New Associate Principal Ties Past to Lead Neenah’s Future

Associate Principal Yang (right) and her husband, Jerry (left), celebrate graduating with their masters degrees with a graduation parade during COVID. Photo provided by Sae Yang.
Associate Principal Yang (right) and her husband, Jerry (left), celebrate graduating with their master’s degrees with a graduation parade during COVID. Photo provided by Sae Yang.

A student, a guidance counselor and a teacher. These are roles some Neenah students think Mrs. Sae Yang inhabits. None of them are correct. 

Yang clarifies: “I’m the new associate principal, and I’m here to make sure this is a place where people feel they belong.” 

In comparison to her other coworkers walking the halls, she is largely unknown. If students really knew her, a story of generational struggle, new beginnings, questioning identity and a desire for change would be revealed. 

At 12 years old, Yang’s father was recruited by the CIA to help fight the secret war. Before the Vietnam War officially broke out, conditions in Laos were pointing toward major conflict. He was chosen because of his ethnicity, Hmong. According to the Smithsonian, the Hmong had been a third party to the conflict brewing in the region and this became an invaluable cover for this child soldier. Laos, the land conflict quickly grew in, was home to the Hmong people, and as ethnic minorities, they were pushed into the outskirts of society. These soldiers never received formal training, but instead were instructed to utilize guerrilla warfare, which led to a grueling and bloody war. The war took Yang’s father’s family and over 10 percent of the entire Hmong population in Laos. After the war, those who were not fortunate enough to seek refuge were killed or taken into concentration camps noted by the Hmong American Center

What follows is what makes Yang’s story so special. She was born in Chiang Kham Refugee Camp and her family spent only seven months there before having their lottery ticket called. This experience is different from other families who had been waiting for over 10 years for the chance to find sanctuary. Conditions in refugee camps were disastrous and destitute, yet hopeful. Families sold their treasured remaining personal belongings to start their new life.  This hope guided her family as they made their way to the United States, full of possibility.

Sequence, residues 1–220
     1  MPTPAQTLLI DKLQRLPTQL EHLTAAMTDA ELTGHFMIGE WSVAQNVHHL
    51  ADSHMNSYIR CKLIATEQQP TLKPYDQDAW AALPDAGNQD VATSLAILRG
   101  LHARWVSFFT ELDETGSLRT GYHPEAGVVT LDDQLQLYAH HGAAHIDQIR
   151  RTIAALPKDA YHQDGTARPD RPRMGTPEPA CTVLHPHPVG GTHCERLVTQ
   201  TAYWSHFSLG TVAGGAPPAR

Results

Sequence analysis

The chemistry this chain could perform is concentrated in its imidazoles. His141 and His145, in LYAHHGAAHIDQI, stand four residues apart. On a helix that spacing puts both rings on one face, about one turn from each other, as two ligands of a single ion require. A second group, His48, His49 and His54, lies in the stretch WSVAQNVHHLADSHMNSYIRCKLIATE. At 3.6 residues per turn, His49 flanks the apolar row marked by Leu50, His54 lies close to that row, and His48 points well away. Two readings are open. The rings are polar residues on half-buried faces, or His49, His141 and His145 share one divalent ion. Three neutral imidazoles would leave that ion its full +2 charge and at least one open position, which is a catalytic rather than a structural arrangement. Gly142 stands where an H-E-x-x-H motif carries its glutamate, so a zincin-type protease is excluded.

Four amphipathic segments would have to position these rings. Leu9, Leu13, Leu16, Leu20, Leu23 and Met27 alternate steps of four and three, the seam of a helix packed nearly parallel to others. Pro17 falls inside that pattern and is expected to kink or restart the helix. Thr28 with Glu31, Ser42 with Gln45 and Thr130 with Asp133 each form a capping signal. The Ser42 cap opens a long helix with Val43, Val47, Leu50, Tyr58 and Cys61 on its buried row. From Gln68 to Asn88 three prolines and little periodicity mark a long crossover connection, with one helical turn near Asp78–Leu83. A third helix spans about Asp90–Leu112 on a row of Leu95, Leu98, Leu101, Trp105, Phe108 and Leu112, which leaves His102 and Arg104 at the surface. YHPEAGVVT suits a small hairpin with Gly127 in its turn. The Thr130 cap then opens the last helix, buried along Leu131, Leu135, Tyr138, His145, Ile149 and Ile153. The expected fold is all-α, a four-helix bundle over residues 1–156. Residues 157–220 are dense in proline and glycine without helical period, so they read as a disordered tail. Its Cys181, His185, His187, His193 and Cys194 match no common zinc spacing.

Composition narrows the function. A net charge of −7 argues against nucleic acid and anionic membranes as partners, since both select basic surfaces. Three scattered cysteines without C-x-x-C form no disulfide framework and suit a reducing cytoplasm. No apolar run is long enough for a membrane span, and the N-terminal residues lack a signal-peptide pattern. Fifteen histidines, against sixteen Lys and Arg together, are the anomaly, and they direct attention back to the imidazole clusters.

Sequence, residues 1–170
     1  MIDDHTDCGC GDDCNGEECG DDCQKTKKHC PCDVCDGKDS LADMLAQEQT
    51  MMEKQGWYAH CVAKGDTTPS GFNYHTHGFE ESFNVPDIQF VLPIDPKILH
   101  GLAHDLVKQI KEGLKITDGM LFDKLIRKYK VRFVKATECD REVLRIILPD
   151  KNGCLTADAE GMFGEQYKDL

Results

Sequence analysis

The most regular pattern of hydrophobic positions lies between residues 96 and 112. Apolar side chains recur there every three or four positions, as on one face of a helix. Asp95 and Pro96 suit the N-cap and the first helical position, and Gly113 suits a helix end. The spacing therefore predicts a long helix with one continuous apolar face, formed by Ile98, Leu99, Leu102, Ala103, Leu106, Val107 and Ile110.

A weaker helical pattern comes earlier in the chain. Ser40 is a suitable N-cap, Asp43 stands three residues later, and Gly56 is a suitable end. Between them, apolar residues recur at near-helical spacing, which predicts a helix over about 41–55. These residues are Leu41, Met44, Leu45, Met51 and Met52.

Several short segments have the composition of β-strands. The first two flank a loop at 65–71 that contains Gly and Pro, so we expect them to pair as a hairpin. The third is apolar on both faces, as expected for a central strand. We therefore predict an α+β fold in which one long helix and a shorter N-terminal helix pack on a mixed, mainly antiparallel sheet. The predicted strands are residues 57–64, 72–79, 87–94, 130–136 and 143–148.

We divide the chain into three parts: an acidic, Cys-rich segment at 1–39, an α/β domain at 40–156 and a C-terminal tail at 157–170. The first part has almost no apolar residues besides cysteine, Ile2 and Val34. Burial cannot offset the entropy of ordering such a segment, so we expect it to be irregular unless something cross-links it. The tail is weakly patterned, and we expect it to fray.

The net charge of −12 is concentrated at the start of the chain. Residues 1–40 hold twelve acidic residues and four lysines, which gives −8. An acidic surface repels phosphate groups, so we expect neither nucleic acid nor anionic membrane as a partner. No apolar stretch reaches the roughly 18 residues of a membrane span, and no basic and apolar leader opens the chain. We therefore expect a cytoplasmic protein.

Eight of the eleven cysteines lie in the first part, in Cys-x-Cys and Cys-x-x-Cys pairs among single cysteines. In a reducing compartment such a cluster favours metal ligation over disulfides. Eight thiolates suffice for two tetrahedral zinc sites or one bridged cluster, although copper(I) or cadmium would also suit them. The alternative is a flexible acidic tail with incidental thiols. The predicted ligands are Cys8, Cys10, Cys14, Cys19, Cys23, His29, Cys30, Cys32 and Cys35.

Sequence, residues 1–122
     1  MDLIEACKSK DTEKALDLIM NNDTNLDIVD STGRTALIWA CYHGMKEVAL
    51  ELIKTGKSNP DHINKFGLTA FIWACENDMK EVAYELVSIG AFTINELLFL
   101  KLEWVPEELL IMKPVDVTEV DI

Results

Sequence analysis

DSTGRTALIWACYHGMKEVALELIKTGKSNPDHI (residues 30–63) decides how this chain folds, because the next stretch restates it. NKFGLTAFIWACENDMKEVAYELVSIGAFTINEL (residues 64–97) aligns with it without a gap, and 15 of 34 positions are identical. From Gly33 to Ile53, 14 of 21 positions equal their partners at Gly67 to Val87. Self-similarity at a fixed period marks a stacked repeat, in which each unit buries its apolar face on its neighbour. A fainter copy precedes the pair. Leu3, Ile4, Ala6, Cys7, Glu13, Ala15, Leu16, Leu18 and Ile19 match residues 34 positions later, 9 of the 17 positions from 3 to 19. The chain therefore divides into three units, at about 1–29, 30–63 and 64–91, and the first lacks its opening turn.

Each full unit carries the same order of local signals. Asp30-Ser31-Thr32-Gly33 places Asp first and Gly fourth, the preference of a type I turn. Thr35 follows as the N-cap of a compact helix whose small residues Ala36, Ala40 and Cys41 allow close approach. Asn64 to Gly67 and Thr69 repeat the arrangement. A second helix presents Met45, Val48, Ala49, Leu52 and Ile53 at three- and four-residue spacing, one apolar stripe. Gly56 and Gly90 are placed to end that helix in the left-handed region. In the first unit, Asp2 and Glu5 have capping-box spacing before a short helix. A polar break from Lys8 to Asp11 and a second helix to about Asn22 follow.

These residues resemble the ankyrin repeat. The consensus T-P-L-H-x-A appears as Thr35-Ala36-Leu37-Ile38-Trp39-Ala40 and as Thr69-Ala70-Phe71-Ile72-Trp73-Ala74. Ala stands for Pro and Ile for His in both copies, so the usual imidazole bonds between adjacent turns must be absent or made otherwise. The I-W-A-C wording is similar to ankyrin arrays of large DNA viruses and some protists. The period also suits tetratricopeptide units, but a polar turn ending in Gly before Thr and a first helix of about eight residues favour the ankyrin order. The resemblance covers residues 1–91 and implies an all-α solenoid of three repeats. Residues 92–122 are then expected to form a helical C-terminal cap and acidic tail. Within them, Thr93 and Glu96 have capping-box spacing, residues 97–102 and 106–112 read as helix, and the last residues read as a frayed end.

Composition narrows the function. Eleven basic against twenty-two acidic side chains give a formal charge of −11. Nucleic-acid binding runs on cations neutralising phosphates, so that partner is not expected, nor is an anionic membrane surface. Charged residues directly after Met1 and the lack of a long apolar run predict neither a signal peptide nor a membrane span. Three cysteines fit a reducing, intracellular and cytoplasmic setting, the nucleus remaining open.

After her arrival in America, life did not get any easier. After escaping an external battle, an internal battle would rage on. By middle school, Yang discovered that she differed from the students around her. Living between cultures made belonging difficult, and school was not a strong suit. After her social studies teacher saw the possibility within her to achieve things, however, her desire to pursue education grew. This desire took her to UW-Oshkosh, where she completed her bachelor’s in education and eventually her master’s in education administration. 

Now acting as the associate principal, she understands the unseen struggles of students. Yang continues to be a light for students by reminding them, “You are not defined by the conditions you are born into.”

For her, this looked like breaking the cycle of generational poverty and graduating high school. She even went higher, graduating with her master’s degree alongside her husband. She leads by example with this mantra and hopes to inspire others to aspire for more.

Although part of her work consists of administrative duties, truancy and attendance reports, she finds the most valuable way to spend time is through creating personal connections with students. For her, this means cheering on students in and outside of school hours, and supporting everything from sports teams to drama programs. She leads NHS with the values of compassion and honesty, which guide her to create a space where everyone is included.

Overall, Mrs. Yang is a collection of stories. Stories of hardship and dedication that may be unknown to students. Next time Yang walks the halls, though, instead of a student, a guidance counselor, or a teacher, she will be recognized as an innovative associate principal, a shining example of dedication — a friend.  

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    Hilary HerouxMar 13, 2024 at 2:50 PM

    What an enlightening story! Mrs. Yang has been a great associate principal and I’m appreciative of the recognition she is receiving from this!